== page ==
Big Green for Little Wind? Alec Baldwin Eyes $0.40/kWh Power
“I want to build something that is environmentally forward-thinking. I’m not building a satellite dish so I can watch the Knicks game.”
- Alec Baldwin, quoted in “Actor Tilts at Windmill,” Wall Street Journal, July 16, 2012.
“‘We’re behind big wind,’ [Mike] Bergey [of Bergey Windpower] said, with small-turbine technology having advanced just a couple of iterations from its early days, while the more mature big-wind technology has pushed forward eight or nine times. A little more help on the R&D front — some of that government solar money, say — would be appreciated, he said.”
- Peter Danko, “Alec Baldwin Turbine Puts Small Wind In Spotlight,” Ecotech Institute, July 20, 2012.
Alec Baldwin, the Hollywood movie star, has worked to preserve the charm and character of the Town of East Hampton on Long Island (Suffolk County, New York). But his plan to build a 120-foot-tall wind turbine on his Amagansett property is misguided and temps other people to make the same mistake.
If TV antennas on house roofs look bad, these small wind turbines will look much worse–and make noise.
Mr. Baldwin said he is trying to “escape” high electric rates and draw attention to renewable energy with his Bergey Windpower Excel 10kW turbine.
However, as most other, well-meaning “visionaries,” he is doing the Long Island economy a disservice by touting small wind turbines, which is an inefficient choice within an inefficient technology to begin with. It is unfortunate also because of other well-meaning people with much less money to waste could follow his flawed example.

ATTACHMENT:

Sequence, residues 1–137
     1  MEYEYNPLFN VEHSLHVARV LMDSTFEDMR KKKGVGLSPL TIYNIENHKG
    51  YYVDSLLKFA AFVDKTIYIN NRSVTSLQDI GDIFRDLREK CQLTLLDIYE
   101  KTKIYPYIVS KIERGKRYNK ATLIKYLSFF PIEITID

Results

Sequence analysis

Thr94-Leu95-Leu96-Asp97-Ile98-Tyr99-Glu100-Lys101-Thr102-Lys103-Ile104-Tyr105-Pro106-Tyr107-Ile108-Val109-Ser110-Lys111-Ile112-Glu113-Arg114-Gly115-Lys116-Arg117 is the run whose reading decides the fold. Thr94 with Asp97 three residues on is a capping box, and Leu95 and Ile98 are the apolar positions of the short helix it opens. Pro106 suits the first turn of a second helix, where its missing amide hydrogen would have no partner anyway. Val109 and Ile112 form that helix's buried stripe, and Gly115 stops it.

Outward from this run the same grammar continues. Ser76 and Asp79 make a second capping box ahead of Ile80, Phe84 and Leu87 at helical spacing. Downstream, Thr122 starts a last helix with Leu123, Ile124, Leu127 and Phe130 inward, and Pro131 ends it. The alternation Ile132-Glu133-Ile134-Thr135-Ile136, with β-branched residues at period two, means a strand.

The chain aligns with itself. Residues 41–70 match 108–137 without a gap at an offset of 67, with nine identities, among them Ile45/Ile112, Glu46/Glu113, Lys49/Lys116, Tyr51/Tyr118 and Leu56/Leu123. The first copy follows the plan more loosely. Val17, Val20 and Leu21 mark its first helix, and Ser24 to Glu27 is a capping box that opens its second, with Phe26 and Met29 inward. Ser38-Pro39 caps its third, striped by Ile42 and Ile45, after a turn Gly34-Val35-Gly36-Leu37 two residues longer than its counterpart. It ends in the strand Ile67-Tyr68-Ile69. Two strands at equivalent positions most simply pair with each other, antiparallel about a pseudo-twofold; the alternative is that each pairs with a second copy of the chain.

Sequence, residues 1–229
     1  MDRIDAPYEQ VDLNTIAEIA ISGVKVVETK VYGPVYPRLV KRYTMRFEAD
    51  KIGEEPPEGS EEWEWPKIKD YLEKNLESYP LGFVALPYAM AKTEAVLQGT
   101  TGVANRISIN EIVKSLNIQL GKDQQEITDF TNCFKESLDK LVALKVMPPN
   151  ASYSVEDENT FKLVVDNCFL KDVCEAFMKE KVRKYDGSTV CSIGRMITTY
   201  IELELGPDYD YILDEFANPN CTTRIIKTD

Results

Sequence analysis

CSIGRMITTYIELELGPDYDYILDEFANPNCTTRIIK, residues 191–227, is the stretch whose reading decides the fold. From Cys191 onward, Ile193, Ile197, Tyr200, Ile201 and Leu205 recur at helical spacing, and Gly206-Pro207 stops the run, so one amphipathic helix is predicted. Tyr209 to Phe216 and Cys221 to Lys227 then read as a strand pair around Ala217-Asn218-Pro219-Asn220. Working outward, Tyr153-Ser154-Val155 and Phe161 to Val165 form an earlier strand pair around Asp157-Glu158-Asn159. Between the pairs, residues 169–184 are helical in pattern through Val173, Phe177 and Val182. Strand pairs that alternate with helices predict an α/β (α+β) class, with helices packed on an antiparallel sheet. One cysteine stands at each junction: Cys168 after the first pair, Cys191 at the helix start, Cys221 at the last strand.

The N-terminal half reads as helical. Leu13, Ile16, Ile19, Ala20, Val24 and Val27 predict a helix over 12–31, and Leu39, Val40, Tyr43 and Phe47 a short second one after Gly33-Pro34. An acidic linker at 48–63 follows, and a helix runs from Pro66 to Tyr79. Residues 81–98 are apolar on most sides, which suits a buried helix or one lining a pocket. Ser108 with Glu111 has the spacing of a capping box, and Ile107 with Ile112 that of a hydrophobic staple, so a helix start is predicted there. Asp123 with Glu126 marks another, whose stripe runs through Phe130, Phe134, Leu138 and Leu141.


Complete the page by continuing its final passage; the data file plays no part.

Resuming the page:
Payback and KWh Cost
Mr. Baldwin’s 15-year revenue = 10,000 kWh/yr x $0.25/kWh x 15 yr = $37,500; the $0.25/kWh is assumed to be the 15-year average rate. (Note: The 15-year average cost of electricity was obtained by escalating a starting rate of $0.187/kWh at 4%/yr. )
Capital cost $97,050
- LIPA rebate $38,185
- Federal PTC $17,360
Net capital cost = $41,505
If the net capital cost is borrowed from a bank at 4%/yr and paid off as a mortgage, the annual payments would be $3,699 for 15 years, for a total of $55,983.
With the total mortgage costs of $55,983, maintenance at 0.5%/yr of the capital cost, escalating at 3.5%/yr, would come to $4,004 over 15 years.
With a total cost of $59, 987 (55,983 + 4,004), Mr. Baldwin could have bought the 150,000 kWh from the “expensive”
utility for $37,500, or $0.40/kWh.
On a simple payback basis, it would take 16.6 years for Mr. Baldwin to recover his $41,505 on the wind turbine. (Periodic maintenance, at several hundred dollars per event, would lengthen the payback period.) Without subsidies, the simple payback would be 39 years.
These calculations are conservative. It is quite possible, if not probable, that this small wind turbine will not have a useful service life beyond 10 years. It is high-risk to have your capital asset naked in the elements.
“The bottom line is, this technology is going to come,” Baldwin stated in the face of the controversy. “There are going to be wind turbines everywhere in this country.”
Probably not. Residential wind power systems are very expensive and have negative externalities for neighbors. Grassroot opposition will grow and speak with truth to power. Meanwhile, governments and other entities enacting subsidies for such projects need to perform more due diligence before earmarking other people’s money to such projects.